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Placental Pathologic Associations With Morbidly Adherent Placenta: Potential Insights Into Pathogenesis.

Research paper by Linda M LM Ernst, Rebecca L RL Linn, Lucy L Minturn, Emily S ES Miller

Indexed on: 16 Aug '17Published on: 16 Aug '17Published in: Pediatric and Developmental Pathology



Abstract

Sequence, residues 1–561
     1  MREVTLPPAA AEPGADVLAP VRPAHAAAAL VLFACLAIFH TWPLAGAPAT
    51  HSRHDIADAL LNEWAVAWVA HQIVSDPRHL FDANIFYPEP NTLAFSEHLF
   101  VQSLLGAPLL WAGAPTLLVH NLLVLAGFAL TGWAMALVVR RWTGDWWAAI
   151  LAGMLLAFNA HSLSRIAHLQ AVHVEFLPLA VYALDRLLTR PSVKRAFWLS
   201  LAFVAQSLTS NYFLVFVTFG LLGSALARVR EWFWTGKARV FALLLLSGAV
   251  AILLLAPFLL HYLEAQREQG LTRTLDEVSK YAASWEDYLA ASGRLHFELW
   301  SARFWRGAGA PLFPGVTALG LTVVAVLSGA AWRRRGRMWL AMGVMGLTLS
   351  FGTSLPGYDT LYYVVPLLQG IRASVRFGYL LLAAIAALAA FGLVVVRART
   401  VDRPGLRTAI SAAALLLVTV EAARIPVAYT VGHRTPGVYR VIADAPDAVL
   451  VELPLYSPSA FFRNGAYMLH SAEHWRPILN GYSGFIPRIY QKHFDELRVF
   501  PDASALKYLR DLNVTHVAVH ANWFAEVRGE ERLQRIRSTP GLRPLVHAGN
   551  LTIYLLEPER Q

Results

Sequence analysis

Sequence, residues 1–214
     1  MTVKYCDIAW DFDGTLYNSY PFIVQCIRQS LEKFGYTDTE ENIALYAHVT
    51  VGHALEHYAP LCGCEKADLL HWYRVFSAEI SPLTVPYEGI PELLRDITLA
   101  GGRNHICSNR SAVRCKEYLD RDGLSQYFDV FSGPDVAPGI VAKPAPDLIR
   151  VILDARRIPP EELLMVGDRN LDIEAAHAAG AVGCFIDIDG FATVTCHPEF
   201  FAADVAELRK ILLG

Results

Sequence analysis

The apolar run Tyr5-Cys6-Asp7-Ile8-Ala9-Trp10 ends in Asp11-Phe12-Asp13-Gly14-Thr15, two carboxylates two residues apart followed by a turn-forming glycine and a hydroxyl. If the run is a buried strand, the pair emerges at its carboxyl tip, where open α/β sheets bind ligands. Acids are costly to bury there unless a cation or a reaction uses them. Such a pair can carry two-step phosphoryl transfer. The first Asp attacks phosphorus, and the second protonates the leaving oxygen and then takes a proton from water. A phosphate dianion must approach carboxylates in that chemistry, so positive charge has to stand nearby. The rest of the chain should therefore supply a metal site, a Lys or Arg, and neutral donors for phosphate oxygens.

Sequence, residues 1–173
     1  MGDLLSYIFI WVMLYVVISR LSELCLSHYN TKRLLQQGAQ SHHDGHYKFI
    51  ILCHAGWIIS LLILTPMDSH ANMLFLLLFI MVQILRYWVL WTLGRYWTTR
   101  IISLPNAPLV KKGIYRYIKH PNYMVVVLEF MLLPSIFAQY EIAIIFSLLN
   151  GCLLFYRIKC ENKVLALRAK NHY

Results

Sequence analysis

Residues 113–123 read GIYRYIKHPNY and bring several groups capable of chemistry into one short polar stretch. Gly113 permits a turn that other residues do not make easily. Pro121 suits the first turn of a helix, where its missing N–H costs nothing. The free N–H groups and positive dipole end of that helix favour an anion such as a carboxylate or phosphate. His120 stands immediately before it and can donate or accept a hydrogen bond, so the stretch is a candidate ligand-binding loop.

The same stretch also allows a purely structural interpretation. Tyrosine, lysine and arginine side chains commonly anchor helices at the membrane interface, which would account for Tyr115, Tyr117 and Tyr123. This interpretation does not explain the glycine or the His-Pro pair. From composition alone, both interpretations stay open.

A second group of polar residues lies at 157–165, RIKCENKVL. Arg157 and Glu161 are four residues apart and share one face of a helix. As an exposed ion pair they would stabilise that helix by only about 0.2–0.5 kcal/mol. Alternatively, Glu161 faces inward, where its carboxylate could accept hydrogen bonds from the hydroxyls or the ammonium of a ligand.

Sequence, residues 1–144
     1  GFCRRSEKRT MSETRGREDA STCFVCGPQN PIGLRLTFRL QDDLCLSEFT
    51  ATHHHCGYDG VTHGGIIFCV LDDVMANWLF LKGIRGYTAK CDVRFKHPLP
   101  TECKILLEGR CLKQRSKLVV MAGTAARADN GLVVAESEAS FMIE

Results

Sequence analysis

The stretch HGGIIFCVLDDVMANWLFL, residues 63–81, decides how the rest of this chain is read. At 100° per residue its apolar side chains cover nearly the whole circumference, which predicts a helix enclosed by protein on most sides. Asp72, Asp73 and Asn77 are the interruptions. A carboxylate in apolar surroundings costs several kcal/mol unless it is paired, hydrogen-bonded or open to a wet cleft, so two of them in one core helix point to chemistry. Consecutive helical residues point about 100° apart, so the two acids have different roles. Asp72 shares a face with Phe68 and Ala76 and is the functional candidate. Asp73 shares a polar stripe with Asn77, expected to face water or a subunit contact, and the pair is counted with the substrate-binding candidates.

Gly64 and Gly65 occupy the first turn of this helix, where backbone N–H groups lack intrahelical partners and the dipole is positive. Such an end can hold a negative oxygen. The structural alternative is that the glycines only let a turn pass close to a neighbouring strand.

Background The pathology that underlies morbidly adherent placenta (MAP) is poorly understood. The objective of this study was to describe the placental pathology, especially implantation site pathology, associated with MAP. Methods This was a single institution, retrospective case-control study design examining placentas of patients who delivered between January 2008 and September 2013. MAP cases were defined by the need for clinical intervention at delivery beyond spontaneous placental delivery or simple manual extraction of the placenta. Controls consisted of patients with placentas sent for examination due to a history of maternal malignancy with no clinical suspicion of accreta. Placental pathologic findings of maternal vascular underperfusion (MVU), acute inflammation, chronic inflammation, fetal vascular obstruction, and hemorrhage were recorded and compared using bivariable and multivariable analyses. Results Three categories of pathologic changes were seen more commonly in MAP placentas (N = 101) than control placentas (N = 110): chronic basal inflammation, villous changes of MVU, and retromembranous and subchorionic/intervillous hemorrhage. In multivariable analyses adjusted for confounders, basal chronic villitis (aOR 5.6, 1.73-18.18), plasma cell deciduitis (aOR 2.63, 1.08-6.39), increased syncytial knots (aOR 3.92, 1.57-9.75), villous agglutination (aOR 24.85, 2.78-221.75), increased perivillous fibrin (aOR 5.08, 1.49-17.34), and the presence of subchorionic/intervillous thrombi (aOR 4.01, 1.63-9.86) remained associated with MAP. Conclusions MAP is highly associated with evidence of intraparenchymal placental hemorrhage, villous changes of MVU, and a lymphoplasmacytic infiltrate at the implantation site. The contribution of this basal chronic inflammatory infiltrate to MAP requires further investigation.